- Talking about "we can't do positive discrimination" is the best proof there is no real commitment to change, since nobody is asking for 'positive discrimination', we are simply asking for the restrictive practices to stop!
Why should the Government just get on and do what it has promised in levelling the playing field for SMEs and for new technologies like open source? Here's just a few reasons to get us started:
- Money. £20 billion is too much taxpayer money to spend on IT. Spend it on frontline services and getting us back to economic growth please.
- Innovation in government services. Right now, to anybody with the slightest recent experience they look like they fell out of a time warp from the 90s.
- Economic development. The consensus view of economists is that what we really need is economic growth in addition to public sector austerity. For that the Government should be keeping its promise to put more business into SMEs.
This is for the simple reason that SMEs:
- Are the main providers of employment
- Are the main source of economic growth
- Are the main source of innovation
So what are the barriers to the Government keeping it's word with respect to SMEs and new technologies like open source?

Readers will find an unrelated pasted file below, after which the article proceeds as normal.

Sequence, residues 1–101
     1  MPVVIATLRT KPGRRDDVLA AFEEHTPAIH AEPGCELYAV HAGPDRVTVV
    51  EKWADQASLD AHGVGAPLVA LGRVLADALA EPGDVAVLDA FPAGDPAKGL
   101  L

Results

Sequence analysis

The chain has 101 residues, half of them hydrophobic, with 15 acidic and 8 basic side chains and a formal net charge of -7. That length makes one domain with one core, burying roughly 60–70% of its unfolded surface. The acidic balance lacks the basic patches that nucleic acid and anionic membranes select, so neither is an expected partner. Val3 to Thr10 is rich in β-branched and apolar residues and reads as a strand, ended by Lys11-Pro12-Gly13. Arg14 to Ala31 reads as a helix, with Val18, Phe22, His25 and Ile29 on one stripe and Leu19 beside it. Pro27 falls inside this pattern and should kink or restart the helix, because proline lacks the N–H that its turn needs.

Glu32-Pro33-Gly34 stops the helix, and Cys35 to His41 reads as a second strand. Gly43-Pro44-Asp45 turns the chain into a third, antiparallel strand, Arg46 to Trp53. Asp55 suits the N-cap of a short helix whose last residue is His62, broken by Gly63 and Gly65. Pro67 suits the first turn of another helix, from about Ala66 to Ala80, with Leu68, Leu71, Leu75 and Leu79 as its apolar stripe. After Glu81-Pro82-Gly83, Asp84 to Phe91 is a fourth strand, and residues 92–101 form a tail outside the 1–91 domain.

Any reasonable summary must include the conclusion of the PASC report4, that government IT spending is dominated by an oligopoly.
It is also clear that there is a contradiction in the heart of government between the SME policy and the conclusions of the efficiency review by Sir Philip Green. This work is pushing government in the direction of more centralisation, with fewer contracts with fewer and larger suppliers. The tension between this and the recently re-labelled 'aspirations' around SMEs is clear.
More to the point, the reality of the situation is that government is systematically removing SMEs from their supply chain, which thousands of SMEs will readily confirm.
In a recent interview in the Telegraph, Crown Representative for SMEs Steven Allott stated it would be two years before Government stopped excluding SMEs from procurement. Two years is of course a long time in politics, and with a coalition one and a half years into it's term already one has to ask whether there is any chance whatsoever for SMEs or whether this is another sensible policy running aground on the rocks of Whitehall.
So how can this change?
Unless there is a renewed political imperative, and the excuses and technocratic fiddling stops, it is hard to see that it will.
There is no doubt this could be resolved if the political will was there. The mere thought of popular outcry led to German Chancellor Angela Merkel shuttering the entire German nuclear industry overnight, and the outrage in the UK over the MP expenses scandal led to changes in practice very quickly.
A lot more money has disappeared down the government IT hole than ever disappeared into a duck pond.
(1) Figures drawn from the Treasury's 'Whole of Government' Accounts.
(2) According to 'Better for Less' from the network for the Post-Bureaucratic Age.
(3) P Dunleavy and H Magretts, Government IT Performance and the Power of the IT Industry: A Cross-National Analysis, American Political Science Association, 2004.
(4) PASC, Government and IT - "a recipe for rip-offs": time for a new approach.